Over the past year, three scholars have been engaged in a massive, and massively secret, academic project.
Working with documentary filmmaker Mike Nayna, Helen Pluckrose, an English literature and history scholar; James Lindsay, a math PhD; and Peter Boghossian, a professor of philosophy at Portland State University, submitted dozens of papers to top academic journals in fields like gender studies, sexuality studies, race studies, sociology, and critical theory—or, what the trio is now referring to as "grievance studies." These particular fields, they explain, have a "common goal of problematizing aspects of culture in minute detail in order to attempt diagnoses of power imbalances and oppression rooted in identity." While the majority of their submissions failed the peer review process and were ultimately rejected, a number of their papers were actually accepted into top journals. And those papers? They were all bullshit.
Perhaps the most egregious of the hoax papers, "Rape Culture and Queer Performativity at Urban Dog Parks," argued that observation at Portland dog parks revealed that dog owners were less likely to interfere when male dogs nonconsensually humped female dogs than other male dogs. This, the paper concluded, was evidence of rape culture. The researcher, the nonexistent "Helen Wilson" of the nonexistent "Portland Ungendering Research Initiative," wrote that she observed one “dog rape per hour." One of the reviewer's feedback was that Wilson didn't adequately respect the dogs' privacy while tracking these acts of dog rape, but, ultimately, the study was published in Gender, Place & Culture: A Journal of Feminist Geography. It has, by now, been retracted.
Other studies where equally outlandish. The scholars were nonexistent, the methodologies were flawed, the statistics made-up, and the claims unsupported by data. Some of them were even cruel: One paper, which was well-received by the feminist philosophy journal Hypatia, advocated making white male college students sit on the floor of classrooms, wearing chains, to both educate them on privilege and punish them for historical slavery. Another study looked at whether straight men who masturbate with butt plugs are less likely to be transphobic. Another replicated a chapter from Hitler's Mein Kampf and it was accepted into the feminist social work journal Affilia. In total, seven of the hoax papers were accepted into top peer-reviewed, academic journals. The dog rape paper even won a special honor. (Not everyone, I should note, fell for the hoax: After Real Peer Review tweeted about the dog study last year, several journalists, including Jillian Kay Melchior at the Wall Street Journal, uncovered the truth. Because of this, the experiment was cut short.)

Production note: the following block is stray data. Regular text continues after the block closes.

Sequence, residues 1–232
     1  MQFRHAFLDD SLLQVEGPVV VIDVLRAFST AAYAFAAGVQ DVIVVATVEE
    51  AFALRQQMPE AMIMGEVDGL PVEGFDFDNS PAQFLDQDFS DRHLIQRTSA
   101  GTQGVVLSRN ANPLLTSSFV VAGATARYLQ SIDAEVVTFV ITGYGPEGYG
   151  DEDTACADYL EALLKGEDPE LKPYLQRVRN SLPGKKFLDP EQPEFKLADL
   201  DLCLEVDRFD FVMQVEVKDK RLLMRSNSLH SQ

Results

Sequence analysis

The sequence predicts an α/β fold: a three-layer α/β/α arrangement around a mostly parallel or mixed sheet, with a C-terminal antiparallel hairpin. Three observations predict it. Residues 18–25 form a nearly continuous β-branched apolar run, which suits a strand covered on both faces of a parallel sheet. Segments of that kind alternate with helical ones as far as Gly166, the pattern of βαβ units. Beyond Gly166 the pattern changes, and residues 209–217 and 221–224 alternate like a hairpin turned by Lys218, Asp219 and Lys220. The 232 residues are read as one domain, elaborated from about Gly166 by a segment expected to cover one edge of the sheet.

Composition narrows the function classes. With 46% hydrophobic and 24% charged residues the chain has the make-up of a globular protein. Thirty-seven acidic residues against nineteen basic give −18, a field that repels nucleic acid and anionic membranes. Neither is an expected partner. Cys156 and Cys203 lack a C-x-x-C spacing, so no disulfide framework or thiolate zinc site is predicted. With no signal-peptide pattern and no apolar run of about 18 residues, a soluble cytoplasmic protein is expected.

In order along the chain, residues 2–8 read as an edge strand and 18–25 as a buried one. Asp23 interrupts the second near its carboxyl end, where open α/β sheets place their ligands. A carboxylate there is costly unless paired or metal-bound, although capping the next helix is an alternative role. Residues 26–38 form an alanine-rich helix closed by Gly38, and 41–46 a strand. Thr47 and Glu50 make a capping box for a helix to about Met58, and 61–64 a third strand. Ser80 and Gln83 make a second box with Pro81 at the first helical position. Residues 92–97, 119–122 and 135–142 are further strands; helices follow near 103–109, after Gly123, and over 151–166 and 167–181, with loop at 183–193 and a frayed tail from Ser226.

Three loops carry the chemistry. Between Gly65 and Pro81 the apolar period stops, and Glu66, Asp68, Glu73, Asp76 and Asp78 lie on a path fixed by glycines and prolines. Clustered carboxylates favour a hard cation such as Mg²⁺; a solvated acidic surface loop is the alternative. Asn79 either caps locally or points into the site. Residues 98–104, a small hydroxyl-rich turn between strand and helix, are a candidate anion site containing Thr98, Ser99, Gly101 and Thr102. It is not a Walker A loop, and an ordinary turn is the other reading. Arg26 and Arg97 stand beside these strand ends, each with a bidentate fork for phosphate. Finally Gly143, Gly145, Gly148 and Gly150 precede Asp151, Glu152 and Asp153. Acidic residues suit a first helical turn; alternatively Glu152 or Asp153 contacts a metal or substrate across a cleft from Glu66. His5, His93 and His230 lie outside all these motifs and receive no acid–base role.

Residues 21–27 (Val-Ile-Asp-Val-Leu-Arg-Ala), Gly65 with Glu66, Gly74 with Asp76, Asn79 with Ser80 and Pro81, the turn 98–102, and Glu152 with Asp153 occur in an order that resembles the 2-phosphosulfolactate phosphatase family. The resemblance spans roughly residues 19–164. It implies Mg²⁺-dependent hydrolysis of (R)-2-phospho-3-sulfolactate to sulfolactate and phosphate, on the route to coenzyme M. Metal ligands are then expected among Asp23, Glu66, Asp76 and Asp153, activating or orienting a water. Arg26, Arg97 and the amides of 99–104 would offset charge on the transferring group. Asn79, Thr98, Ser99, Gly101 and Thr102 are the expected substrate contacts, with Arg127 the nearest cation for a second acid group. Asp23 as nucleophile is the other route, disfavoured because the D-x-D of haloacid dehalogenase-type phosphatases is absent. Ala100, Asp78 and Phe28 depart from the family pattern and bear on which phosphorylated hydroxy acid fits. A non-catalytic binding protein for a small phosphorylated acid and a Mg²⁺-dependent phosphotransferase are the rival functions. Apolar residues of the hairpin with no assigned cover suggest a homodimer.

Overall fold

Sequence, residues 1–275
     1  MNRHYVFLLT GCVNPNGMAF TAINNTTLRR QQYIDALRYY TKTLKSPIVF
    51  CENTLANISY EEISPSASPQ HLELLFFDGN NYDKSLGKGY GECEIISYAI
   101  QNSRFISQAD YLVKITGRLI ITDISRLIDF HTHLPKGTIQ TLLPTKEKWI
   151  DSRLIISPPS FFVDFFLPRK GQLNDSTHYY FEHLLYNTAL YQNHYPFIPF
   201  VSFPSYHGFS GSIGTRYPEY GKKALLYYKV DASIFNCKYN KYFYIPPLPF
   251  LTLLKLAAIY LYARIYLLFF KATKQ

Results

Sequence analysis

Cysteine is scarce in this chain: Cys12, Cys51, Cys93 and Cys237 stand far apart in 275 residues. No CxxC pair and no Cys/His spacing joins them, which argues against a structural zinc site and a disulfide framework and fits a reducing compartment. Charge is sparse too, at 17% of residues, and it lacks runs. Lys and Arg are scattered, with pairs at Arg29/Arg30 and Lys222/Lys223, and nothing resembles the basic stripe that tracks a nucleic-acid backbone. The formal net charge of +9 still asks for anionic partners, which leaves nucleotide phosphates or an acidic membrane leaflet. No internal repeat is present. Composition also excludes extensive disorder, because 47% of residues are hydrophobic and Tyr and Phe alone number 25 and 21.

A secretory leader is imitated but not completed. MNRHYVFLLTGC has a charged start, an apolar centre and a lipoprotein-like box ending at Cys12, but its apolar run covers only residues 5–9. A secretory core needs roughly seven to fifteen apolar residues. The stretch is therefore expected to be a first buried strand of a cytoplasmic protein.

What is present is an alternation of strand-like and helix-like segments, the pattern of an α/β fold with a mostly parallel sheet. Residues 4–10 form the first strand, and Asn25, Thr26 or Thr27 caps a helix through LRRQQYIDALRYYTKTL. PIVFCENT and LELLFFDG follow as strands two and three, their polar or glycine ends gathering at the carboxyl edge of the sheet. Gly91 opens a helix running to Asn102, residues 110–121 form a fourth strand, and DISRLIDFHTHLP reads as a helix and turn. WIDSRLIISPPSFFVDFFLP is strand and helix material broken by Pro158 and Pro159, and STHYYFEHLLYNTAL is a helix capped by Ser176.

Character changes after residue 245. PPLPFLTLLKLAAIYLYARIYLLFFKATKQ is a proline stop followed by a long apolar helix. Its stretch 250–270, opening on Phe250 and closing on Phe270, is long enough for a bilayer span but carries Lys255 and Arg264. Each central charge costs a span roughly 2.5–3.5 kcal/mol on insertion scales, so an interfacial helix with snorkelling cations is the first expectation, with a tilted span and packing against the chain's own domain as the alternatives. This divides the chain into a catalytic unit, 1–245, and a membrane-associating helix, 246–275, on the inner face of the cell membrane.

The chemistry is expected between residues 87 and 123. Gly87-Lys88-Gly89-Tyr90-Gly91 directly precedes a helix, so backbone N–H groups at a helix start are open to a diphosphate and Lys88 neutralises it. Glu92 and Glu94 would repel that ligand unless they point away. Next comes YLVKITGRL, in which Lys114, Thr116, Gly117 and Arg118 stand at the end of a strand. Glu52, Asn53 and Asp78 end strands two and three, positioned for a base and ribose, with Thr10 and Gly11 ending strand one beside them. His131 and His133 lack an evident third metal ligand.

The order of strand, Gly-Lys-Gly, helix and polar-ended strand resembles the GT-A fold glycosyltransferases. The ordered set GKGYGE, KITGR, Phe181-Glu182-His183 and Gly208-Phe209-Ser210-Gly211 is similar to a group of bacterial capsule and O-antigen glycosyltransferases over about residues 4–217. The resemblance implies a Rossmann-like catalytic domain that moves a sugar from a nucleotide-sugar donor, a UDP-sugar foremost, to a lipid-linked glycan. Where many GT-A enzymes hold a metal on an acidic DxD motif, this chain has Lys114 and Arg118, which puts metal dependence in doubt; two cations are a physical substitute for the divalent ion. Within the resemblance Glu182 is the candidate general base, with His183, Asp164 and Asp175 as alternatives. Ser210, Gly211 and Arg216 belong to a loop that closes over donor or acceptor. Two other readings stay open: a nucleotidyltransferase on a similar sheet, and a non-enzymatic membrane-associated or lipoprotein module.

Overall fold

Why go through all this work for a hoax? The risks are enormous: While Lindsay and Pluckrose have already left academia, Peter Boghossian is untenured. This stunt could easily result in his firing from Portland State. It was also a massive amount of labor, with legitimate scholarly citations, and because they targeted fields like queer studies, race studies, gender studies, etc. the three will inevitably be accused of bias.
They did it, they explained, to expose serious flaws and political biases in these disciplines, as well as problems with the peer review process and the "publish-or-perish" atmosphere at many schools. They do not, however, seem to think these disciplines are inherently worthless or that critical approaches to gender, race, and sex are just plain silly. All three are socially and politically progressive, they write in an article in Aero, and, what's more, know the value in both social science and social justice. But, they write: "these fields of study do not continue the important and noble liberal work of the civil rights movements; they corrupt it while trading upon their good names to keep pushing a kind of social snake oil onto a public that keeps getting sicker. For us to know anything about injustice in society and be able to show it to those who are unaware or in denial of it, scholarship into it must be rigorous. Currently, it is not, and this enables it, and social justice issues with it, to be dismissed."
Happily, the majority of the hoax paper they submitted—13 out of 20—were ultimately rejected (including one that argued that fantasizing about people without their permission is a form of rape). But the ones that were accepted shows that there is a clear problem in academic publishing and academia more broadly. And it's not the first time they've pulled off such a stunt: In 2017, Boghossian and Lindsay published a hoax paper on the "conceptual penis" that argued "manspreading" is akin to "raping the empty space around him" in a pay-to-publish academic journal. This said more about the state of pay-to-publish journals than academia as a whole, but their latest prank is far more damning and builds on the work of Alan Sokal, an academic who, in the 1990s, successful published a nonsense paper in a journal of postmodern cultural studies.
The backlash for this stunt has already begun. One professor of gender studies at the University of Sussex in the UK, tweeted that this hoax was a "coordinated attack from the right." A historian alleged that the scholars were suspect because their targets "exclude straight white men." There is absolutely no evidence that either claim is true (all three identify themselves as liberal, and they targeted journals, not people), but the repercussions, no doubt, will continue to mount. For some, this will be all the proof required to dismiss "studies" fields out of hand. And, yes, it's certainly possible that this episode will be used by the right to further ongoing attacks on universities across the U.S. As for the disciplines themselves, while this could be an occasion for self-reflection, I suspect it will take a lot more than seven faulty papers to instigate actual change.